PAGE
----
1 week ago
  • The Virus, the Politician, and the gang member
    . . . . . References Newshub Nation: Gang leader Harry Tam denies Winston Peters’ claims he helped infected woman breach COVID boundary, sparking Northland lockdown Te Ao News: ‘Apologise!’ Mob leader slams Peters’ Covid, Northland allegations Stuff media: Covid-19 – Search for contact of Northland case ‘extraordinarily frustrating’ CNBC: ...
    Frankly SpeakingBy Frank Macskasy
    1 week ago
  • Rapid kits, responses, and openings: watch motivations, or catch something worse with Covid…
    Last week was probably a high point for many armchair “experts”, fresh from their high after some deep inhaling of the various musings and fumings, of an actually very smug, and very insualted John “Things all work for me…” Key, former Prime Minister and FOREX trader, had blitzed the ...
    exhALANtBy exhalantblog
    1 week ago
  • Bollocks
    It would appear we have an unwelcome presence in town.Positive wastewater results had been detected in Hamilton and Palmerston North on October 6 and 7. There are 26 cases in hospital, seven of these are in ICU or high dependency units (HDU).One of the people in hospital is in Palmerston ...
    1 week ago
  • World-leading?
    So, the Herald has found someone, as we can see from today’s issue, who is able to explain why we should not claim to have been “world-leading” in our response to the covid epidemic. It seems that we have been kidding ourselves when we celebrated our low total number of ...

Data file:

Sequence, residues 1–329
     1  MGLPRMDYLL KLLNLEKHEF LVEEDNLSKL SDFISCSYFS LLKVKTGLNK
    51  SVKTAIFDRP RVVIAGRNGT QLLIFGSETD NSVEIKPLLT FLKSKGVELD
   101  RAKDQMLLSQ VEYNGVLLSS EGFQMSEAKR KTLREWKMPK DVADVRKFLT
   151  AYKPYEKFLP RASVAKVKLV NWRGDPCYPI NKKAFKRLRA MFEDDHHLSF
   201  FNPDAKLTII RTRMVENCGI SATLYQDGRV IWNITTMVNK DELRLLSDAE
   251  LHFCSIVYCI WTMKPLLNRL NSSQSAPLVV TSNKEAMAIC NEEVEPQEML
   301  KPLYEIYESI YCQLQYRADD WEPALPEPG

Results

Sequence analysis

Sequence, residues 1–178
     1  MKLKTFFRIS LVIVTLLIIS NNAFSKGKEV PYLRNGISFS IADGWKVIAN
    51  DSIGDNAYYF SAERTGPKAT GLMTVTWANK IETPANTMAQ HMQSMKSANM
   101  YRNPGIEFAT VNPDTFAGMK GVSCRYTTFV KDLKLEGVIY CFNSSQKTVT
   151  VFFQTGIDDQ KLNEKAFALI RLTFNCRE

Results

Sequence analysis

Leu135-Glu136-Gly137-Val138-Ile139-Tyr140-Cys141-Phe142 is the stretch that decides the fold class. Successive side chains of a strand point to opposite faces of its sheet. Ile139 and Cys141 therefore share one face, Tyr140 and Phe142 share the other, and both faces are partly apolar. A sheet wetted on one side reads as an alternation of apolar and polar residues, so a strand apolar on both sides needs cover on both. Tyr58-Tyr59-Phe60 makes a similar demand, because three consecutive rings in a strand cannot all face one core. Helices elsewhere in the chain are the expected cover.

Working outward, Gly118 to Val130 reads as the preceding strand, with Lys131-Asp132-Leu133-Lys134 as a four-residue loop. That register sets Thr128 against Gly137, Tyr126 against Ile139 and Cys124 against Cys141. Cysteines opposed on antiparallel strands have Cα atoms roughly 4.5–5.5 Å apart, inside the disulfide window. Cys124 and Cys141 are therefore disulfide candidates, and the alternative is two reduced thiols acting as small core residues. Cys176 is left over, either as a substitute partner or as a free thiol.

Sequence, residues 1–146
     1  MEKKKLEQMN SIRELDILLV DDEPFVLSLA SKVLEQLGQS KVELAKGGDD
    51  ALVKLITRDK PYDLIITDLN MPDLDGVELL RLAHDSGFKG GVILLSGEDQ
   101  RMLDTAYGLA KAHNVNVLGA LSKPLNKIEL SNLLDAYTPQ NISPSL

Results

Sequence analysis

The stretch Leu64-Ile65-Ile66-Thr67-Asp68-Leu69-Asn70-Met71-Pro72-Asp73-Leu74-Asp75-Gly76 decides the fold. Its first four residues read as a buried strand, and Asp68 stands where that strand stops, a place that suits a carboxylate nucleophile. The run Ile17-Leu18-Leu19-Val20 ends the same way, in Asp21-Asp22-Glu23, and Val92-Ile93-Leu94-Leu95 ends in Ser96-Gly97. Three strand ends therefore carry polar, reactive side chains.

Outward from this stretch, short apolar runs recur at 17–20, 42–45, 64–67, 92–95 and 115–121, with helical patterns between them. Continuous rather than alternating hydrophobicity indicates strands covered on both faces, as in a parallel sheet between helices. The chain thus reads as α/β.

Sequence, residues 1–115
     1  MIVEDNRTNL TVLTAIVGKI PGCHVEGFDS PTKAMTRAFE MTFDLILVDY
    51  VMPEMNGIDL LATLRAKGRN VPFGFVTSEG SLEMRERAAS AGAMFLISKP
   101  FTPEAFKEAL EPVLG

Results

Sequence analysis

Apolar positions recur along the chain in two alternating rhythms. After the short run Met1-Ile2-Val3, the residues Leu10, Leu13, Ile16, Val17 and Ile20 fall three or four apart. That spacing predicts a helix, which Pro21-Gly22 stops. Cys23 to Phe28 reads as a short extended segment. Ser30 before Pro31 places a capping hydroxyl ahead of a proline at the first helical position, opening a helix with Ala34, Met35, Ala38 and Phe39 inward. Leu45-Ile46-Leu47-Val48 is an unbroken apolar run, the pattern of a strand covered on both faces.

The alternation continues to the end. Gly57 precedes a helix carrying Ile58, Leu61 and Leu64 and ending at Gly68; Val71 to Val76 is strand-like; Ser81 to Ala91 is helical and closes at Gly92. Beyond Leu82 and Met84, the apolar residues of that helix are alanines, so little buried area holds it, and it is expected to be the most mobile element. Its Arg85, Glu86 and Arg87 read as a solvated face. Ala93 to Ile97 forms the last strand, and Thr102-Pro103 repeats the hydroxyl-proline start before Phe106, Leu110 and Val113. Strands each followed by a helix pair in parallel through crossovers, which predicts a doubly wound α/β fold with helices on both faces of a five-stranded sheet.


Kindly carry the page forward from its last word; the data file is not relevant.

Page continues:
Bryan GouldBy Bryan Gould
    1 week ago
  • Why Is Labour So Frightened Of “Mr Stick”?
    Force Multiplier: Why are Ardern and her ministers so loathe to put a bit of stick about? The “emergency” legislation eventually enacted to authorise the measures needed to combat the Covid-19 pandemic failed to confer upon the New Zealand Government the unequivocal authority that subsequent events showed to be so ...
    1 week ago
  • The Need for an Updated Strategic Approach to Covid-19 Control in Aotearoa NZ
    Prof Nick Wilson, Dr Jennifer Summers, Prof Michael Baker* The NZ Government appears to have drifted into an unclear strategic approach to Covid-19 control. In this blog we outline one potential way forward: a regional strategic approach that considers “regional suppression” and “regional elimination”. To maximise the success of this ...
    SciBlogsBy Public Health Expert
    1 week ago
  • Mairon: The Actual Source for the Blasted Name
    Long-time Tolkien geeks – or those bemused enough to run across a certain internet phenomenon – might know that ‘Sauron’ is not actually the real name of the Lord of the Ring. ‘Sauron’ is just an abusive Elvish nickname, meaning ‘the Abhorred.’ Sauron’s actual name, at least originally, ...
    1 week ago
  • Forced Re-entry
    The elimination of Covid strategy is not so much defeated but changing circumstances means that policy has to evolve. Our elimination stance was never sustainable or at least it would not be until the rest of the world also eliminated Covid-19. Elimination of the virus was a strategy we adopted ...